I have an admission to make. Although a non executive member of NHS Dumfries and Galloway, I have never worked in the NHS at the coal face. However, the NHS was involved at the start of my life, and I suspect the same will be true for the end.
The NHS was five years old when I was born in an NHS maternity home in Ayrshire. Within three days I was operated on for an intestinal problem, and when my mother got me home and I made my first visit to our GP, he detected a heart murmur. So began my life and my NHS journey.
Frequent visits to Kilmarnock Infirmary and various Glasgow Hospitals became part of the pattern of my childhood. Some appointments lasted an hour, some necessitated week long stays in hospital for more complicated tests.
In 1965 I had open heart surgery to repair an ASD (hole in the heart) and leaking mitral valve. I made steady if slow recovery, and by the age of 17 was told I was as good as new and went off to live life.
There followed the healthiest twenty years of my life. I got a career, I married and we started a family. In 1984 we moved to London.
I‘d had a minor episode with a stone in the kidney in 1978, but in 1988 this returned with more serious consequences. It dogged the next eleven years, with frequent visits and admissions to Northwick Park Hospital, and eventually successful removal of the stone in 1999 at West Middlesex Hospital.
Now that all was well, we moved back to Scotland although I continued to work in London. Then in 2002, out of the blue, my heart problems came back to bite me. I was hospitalised at Northwick Park, and back in Scotland sought out the expertise of the Arrythmia Team at Glasgow Royal Infirmary. Unfortunately, after numerous tests and a third failed cardioversion, I realised I had to live with my new condition and carve out the best quality of life possible in the circumstances. Over the next few years I collected several more LTC’s
So a lot of my time now is devoted to medical appointments and proactively managing my conditions. It is a bit boring, but the rewards are a quality of life denied to many suffering from the same or similar LTC’s.
My journey so far has taught me many lessons, and I have seen the best and the worst of the NHS. Here are some of the lessons.
The patient is not always right, but has the right to be wrong. It is their life.
Only the patient experiences the patient journey from beginning to end.
No one cares more about my health than I do.
No hospital maintains the same quality throughout. One hospital I attended had its maternity unit put into special measures and several other wards were a disgrace. But End of Life Care and Cardiology were outstanding. Another, an old crumbling Victorian edifice with poor facilities, gave some wonderful nursing and clinical care through dedicated teams. It has now been demolished and a new hospital built on the site.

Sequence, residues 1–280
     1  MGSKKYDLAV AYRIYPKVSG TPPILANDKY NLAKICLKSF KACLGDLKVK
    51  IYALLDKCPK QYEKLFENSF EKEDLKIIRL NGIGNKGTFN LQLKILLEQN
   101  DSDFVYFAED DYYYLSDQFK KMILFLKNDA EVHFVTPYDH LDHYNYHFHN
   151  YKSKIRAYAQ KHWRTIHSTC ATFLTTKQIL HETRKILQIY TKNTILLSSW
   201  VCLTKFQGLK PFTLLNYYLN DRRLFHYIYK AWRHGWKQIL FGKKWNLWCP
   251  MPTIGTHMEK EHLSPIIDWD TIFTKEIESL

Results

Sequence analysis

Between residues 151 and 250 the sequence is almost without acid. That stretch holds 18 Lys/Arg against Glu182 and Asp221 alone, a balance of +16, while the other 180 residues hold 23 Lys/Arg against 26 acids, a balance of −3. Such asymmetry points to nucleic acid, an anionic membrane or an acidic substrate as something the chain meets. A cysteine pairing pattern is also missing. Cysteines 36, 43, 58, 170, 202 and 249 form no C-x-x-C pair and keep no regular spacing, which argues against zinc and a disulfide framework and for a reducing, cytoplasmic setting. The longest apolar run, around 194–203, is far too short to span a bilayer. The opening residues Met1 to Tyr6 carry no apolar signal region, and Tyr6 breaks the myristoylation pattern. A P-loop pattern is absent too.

Patient empowerment and patient self management see much better outcomes than leaving it all to the doctor. Taking responsibility for your health is a great way of ensuring the best quality of life possible, and the best from the NHS. Managing our health should be a partnership between patient and clinicians.
I now have multiple Long Term Conditions and mobility issues, but still maintain the best quality of life possible through self managing my health and proactively seeking information on my lifestyle and health conditions.
I became an elected non executive member of NHSDG in 2012 knowing that making even the slightest difference for the better was important. Drive for continuous improvement maintains my sense of purpose. I bring to the table experience gained from a life in the NHS, and a career in public service spanning over 40 years. In 2014 I was appointed as a non executive member..
I know the NHS is not perfect, and never will be, but it is a fine organisation staffed by many dedicated and highly skilled people who every day do their best.
The NHS today faces many challenges. Staff will experience frequent changes and difficulties, but so will patients. Both need to embrace change and accept that we must do things differently if the NHS is to face the future fit for purpose. And key is for us the patients to take responsibility for managing our own health, and clinicians and health professionals empowering us to do so.
The future should be bright for the NHS, but success will require hard work, tough decisions, and the support of patients and staff alike.
I am looking forward to many more years of life in the NHS.
Robert Allan is a Non Executive Member of the NHS Dumfries and Galloway Health Board.